One of my favorite scenes in my book, Nobody’s Girl, is the scene that makes my heart pound every time I read it. And I already know what’s going on and how the book ends. The reason I love it is because it does literally make my heart pound. I show sensations in writing, not just tell myself about them.
I love the moments when what I read takes over my mental and emotional processes, and I lose myself in the story. I have no control over my reactions. I cry, I weep, I blush, I whimper, I cringe, I laugh, or even snort.
I can smell, feel, taste, see, and hear the scenes’ sounds, sights, and textures. I can feel that hand of the imaginary character wiping the tears from my cheek or see that tanned fist handing me a tissue.
I can dance to the rhythm of Jack’s drums, feel the humming throb of Jamie’s bass guitar, hear the wah-wah pedal of Joey’s guitar whining away while Jeff’s keyboard sings to me.
And you know what? Those kinds of scenes are my favorites in other people’s books, too. So it’s not just bias towards my own story.
If you’re still working away at your NaNoWriMo novel right now, I challenge you to make the following thousand words really count. Tell your readers every smell, every touch, every sound and sight, every flavor in the scene.
Is that the harmonious tinkling of the Bell Miner bird? Is it blending with the cries of the Magpies as they swoop down, sending your hair into your face as they attack you because it’s springtime and they’re nuts?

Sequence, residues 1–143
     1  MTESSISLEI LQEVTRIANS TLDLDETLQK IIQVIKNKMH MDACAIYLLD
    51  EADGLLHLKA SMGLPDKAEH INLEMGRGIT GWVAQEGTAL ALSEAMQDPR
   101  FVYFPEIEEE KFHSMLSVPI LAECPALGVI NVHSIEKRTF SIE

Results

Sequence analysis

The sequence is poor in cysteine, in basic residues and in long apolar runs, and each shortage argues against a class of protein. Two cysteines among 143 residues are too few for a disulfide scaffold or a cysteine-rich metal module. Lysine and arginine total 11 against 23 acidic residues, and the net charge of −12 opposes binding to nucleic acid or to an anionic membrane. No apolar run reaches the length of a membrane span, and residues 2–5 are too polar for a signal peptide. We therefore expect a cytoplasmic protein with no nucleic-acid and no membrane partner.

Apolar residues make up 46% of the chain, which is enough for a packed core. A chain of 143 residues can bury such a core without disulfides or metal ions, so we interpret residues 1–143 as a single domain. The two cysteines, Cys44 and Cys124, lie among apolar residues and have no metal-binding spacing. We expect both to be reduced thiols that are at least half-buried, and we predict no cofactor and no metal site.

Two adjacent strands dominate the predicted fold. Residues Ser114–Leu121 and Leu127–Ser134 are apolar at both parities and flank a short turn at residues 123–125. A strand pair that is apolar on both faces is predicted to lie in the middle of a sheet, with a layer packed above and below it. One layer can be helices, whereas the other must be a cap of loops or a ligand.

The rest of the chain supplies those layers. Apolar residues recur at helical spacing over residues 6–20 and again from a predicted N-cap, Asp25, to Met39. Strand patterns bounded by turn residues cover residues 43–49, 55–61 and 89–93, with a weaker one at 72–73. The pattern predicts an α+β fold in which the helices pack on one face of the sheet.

Is that maple syrup on the pancakes in the diner just across the Canadian border as sweet and sticky as Suzy remembers from childhood when her daddy used to take her for breakfast every Saturday for their daddy-daughter date, back before he lost his arm in the war and started stinking like a Scottish distillery?
Can your hero really smell the milky spit-up on his shirt? Can he feel the plush red blanket in which his newborn son is wrapped, only two hours after his wife gave birth to him in an elevator when they got trapped by a maniac?
Does your heart stop when your protagonist’s cable car screeches toward a gap in the universe that didn’t exist three hours earlier?
A NaNo draft probably isn’t going to do all that (Kudos to you if yours does!). But you should have an idea for at least a few scenes where you might be able to really add some flavor and life to provoke actual physical reactions (crying, sweating, heart-rate changes, flushing, etc.) from your readers. Keep your final days of drafting it out interesting by aiming for that!
Besides, going into that much detail will add heaps to your word count anyway.